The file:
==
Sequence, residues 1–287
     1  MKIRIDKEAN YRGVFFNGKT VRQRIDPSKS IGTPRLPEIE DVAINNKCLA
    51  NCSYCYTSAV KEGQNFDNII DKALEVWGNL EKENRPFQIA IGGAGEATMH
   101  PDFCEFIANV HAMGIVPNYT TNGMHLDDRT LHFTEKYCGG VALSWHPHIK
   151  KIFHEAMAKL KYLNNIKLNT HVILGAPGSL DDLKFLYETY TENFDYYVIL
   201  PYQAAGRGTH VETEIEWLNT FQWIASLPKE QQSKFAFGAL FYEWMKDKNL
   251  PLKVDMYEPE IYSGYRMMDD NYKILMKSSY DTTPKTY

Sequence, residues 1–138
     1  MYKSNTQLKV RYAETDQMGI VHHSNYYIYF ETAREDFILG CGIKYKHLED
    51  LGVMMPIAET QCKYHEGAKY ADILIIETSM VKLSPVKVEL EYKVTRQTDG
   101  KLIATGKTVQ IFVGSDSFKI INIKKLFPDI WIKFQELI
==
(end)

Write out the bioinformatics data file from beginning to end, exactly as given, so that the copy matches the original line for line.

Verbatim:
Sequence, residues 1–287
     1  MKIRIDKEAN YRGVFFNGKT VRQRIDPSKS IGTPRLPEIE DVAINNKCLA
    51  NCSYCYTSAV KEGQNFDNII DKALEVWGNL EKENRPFQIA IGGAGEATMH
   101  PDFCEFIANV HAMGIVPNYT TNGMHLDDRT LHFTEKYCGG VALSWHPHIK
   151  KIFHEAMAKL KYLNNIKLNT HVILGAPGSL DDLKFLYETY TENFDYYVIL
   201  PYQAAGRGTH VETEIEWLNT FQWIASLPKE QQSKFAFGAL FYEWMKDKNL
   251  PLKVDMYEPE IYSGYRMMDD NYKILMKSSY DTTPKTY

Sequence, residues 1–138
     1  MYKSNTQLKV RYAETDQMGI VHHSNYYIYF ETAREDFILG CGIKYKHLED
    51  LGVMMPIAET QCKYHEGAKY ADILIIETSM VKLSPVKVEL EYKVTRQTDG
   101  KLIATGKTVQ IFVGSDSFKI INIKKLFPDI WIKFQELI